Again in every little settlement the kids would come out and curiously look us over.

There was one time where there was a big group of about 30 horses on the road and just as we entered the herd they started galloping away from us, and along with us. I was tempted to pull out the camera then but decided to just enjoy the moment as we cycled along inside a pack of galloping horses. Instead this photo which I took later on will have to suffice!

Again setting up camp, and people came out curious and helped us put together our tent. They also hung around and watched us cook supper amazed at our little stove.

He seemed to enjoy my bike and once he got the hang of it took it out for pretty long ride.

I may look really high in this photo, but am not. This was taken after the fourth day, and was starting to come down with a cold making the idea of a hotel the following day even more attractive.

This is the same family as the guy riding the bike above. After the tent set up, they pulled us into their ger and kept of convincing us to drink bowl after bowl of "airag". This is fermented mare's milk and is very popular drink in Mongolia which has about 1-2% alcohol. After many glasses of the stuff we still have not developed a taste for it and makes my stomach turn with every cup but it is very hard to turn down and feels impolite.

Now it is a time for a rant about the food in Mongolia. Coming here we were repeatedly warned about the food and it was all true. In every restaurant you have at most three options and they all have the same "gamy beef/mutton"flavor which essentially reduces them to all the same option. It has gotten to the point where even our clothes smell like the food, meaning even in our sleep we can't escape the monotony. Cooking for yourself is no easier as the stores have less stock than your typical 7-11. While cycling we have generally been on a non stop diet of dry biscuits (no idea why they feel the need to color them bright pink as in the picture below) with jam, chocolate bars, and gummy candies (when we can find them) and in the evenings we stop at a guanz for a dose of "Tsuivan" which is a tasty Mongolian noodle dish, but after a number of weeks of it, is starting to lose its appeal.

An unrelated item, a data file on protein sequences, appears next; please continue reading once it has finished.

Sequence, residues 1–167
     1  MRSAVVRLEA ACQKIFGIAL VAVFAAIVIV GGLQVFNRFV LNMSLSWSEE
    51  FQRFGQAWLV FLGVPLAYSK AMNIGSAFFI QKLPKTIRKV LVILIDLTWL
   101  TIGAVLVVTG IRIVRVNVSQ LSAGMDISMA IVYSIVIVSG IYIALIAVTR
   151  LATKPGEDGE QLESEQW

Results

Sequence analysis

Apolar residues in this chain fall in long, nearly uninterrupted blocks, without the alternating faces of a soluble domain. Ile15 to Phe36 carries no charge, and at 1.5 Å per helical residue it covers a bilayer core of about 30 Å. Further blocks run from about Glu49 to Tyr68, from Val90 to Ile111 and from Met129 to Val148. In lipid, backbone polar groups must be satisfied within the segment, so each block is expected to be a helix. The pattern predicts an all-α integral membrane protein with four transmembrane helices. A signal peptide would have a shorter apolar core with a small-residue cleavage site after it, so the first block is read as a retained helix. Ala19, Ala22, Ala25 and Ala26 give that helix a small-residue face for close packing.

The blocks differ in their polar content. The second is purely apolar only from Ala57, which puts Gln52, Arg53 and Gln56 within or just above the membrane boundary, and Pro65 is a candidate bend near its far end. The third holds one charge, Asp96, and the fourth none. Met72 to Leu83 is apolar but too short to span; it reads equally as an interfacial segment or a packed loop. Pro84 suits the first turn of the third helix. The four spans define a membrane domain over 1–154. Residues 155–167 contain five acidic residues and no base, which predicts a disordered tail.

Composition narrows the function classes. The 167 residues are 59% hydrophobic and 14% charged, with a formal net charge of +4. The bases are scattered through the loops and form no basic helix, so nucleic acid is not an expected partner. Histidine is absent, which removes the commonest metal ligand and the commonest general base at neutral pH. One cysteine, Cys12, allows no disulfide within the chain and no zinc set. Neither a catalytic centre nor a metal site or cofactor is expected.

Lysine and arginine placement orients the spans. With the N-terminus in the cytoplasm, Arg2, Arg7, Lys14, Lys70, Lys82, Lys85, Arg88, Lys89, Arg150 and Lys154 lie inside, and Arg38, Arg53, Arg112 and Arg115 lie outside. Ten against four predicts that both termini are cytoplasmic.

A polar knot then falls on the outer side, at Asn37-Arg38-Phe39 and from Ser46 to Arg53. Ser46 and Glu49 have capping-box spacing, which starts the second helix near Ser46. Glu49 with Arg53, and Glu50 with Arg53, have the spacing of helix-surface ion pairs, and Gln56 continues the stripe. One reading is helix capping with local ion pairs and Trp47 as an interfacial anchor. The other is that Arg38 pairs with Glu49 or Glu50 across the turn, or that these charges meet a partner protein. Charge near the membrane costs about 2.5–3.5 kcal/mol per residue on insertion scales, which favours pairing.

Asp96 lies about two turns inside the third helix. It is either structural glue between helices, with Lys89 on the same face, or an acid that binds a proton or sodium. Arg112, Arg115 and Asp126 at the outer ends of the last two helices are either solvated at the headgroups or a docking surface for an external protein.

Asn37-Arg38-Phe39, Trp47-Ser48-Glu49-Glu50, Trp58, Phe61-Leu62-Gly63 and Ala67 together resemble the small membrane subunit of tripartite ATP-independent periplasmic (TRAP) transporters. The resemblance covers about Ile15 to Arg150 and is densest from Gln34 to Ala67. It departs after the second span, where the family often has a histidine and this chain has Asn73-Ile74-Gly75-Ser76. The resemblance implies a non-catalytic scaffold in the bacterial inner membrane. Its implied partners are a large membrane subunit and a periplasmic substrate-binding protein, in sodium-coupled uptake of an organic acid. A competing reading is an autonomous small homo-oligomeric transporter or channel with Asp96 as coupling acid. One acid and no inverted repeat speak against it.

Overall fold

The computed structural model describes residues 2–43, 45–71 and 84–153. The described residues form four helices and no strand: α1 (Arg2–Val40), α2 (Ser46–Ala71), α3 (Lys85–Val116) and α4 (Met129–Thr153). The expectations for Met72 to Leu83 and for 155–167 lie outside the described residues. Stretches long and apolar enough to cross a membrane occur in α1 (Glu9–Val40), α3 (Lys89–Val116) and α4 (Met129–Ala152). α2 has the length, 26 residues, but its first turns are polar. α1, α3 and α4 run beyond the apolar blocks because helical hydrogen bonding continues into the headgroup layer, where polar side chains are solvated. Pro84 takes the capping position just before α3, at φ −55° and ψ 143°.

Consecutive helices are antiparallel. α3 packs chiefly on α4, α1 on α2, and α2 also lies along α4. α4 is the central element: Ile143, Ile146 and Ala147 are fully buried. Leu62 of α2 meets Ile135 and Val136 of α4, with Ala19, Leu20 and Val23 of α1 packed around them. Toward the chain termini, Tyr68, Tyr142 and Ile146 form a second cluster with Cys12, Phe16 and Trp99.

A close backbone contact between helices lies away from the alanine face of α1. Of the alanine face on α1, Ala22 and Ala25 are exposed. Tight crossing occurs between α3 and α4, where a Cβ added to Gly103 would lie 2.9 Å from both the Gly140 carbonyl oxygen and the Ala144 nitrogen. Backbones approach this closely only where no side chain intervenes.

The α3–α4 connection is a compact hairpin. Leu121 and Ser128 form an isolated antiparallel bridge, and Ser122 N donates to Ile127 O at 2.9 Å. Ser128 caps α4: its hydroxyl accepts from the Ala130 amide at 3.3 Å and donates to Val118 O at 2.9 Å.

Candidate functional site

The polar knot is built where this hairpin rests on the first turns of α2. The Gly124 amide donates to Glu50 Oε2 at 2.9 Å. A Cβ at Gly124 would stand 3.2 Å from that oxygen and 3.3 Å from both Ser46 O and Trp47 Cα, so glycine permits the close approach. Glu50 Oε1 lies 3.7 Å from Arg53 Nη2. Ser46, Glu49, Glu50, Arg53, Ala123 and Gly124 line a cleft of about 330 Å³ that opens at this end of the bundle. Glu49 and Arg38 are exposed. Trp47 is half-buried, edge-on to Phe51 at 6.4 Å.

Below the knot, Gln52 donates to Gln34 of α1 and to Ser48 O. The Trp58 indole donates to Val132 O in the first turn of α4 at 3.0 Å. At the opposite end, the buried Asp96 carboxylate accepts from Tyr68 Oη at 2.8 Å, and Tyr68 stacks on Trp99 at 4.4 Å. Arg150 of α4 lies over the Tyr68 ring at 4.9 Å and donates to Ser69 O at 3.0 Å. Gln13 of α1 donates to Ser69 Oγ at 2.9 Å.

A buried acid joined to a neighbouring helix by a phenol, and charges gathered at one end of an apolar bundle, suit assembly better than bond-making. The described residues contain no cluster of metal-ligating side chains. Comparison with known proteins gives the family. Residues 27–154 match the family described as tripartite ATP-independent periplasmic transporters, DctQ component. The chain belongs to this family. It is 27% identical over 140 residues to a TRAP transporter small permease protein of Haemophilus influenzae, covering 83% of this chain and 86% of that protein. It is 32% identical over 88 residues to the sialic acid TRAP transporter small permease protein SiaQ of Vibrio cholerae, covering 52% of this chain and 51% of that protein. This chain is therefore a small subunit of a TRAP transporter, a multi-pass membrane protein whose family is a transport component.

When there is no pavement rain means mud and mud means slow going!

After over 20 days in Mongolia we run into our first stretch of pavement. After getting onto the gloriously smooth surface Jen promptly gets of her bike and proceeds to hug the road with what appeared to be more love than any hug she has given me. This turned out to be premature though as after 2-3km the pavement ended and we were back on dirt!

Jen riding on the short lived blacktop!

Bulgan City. This city has noticeably more wood home and fewer gers in the city. Possibly a trend as we continue to move closer to the capital?

I guess if you travel long enough eventually weird things start to occur, but this one still blew us both away. We checked into our tiny 6 bedroom hotel, in the small city of Bulgan, Mongolia with a population of 11,000. This tiny city is about as far away from Saskatchewan as you can get on the earth without starting to come back to it. After picking our room the hotel owner hands us our key with a Saskatchewan key chain! We tried to explain to her this amazing coincidence , but our Mongolian proved insufficient for the task so we have no idea where it came from.

Jen doing the laundry outside our hotel this morning. We hear there are laundromats in Ulaanbaatar which we are excited to use!

And that's all for now as I am going back to our hotel to watch some TV. For the first time on our trip we have an english channel that isn't "Fashion TV" and I am excited to watch the news and make sure the rest of the world hasn't gone to hell in the past two months! If you are especially bored and didn't get enough photos above (which does seem unlikely, I did put quite a few) you can see other photos from this leg of our ride by clicking here:

Tomorrow we continue west towards the capital city. We are very excited because from here on it is almost entirely pavement. As well we will only be 1-2 days between large-ish cities which will make for a luxurious week or so ride into Ulaanbataar. Hope everyone is doing well and drop us an email to let us know how you are doing!

1 comment:

Anonymous said...

Impressive - you guys are brave/bonkers. But I love it! Sending you good fortune, health and happiness!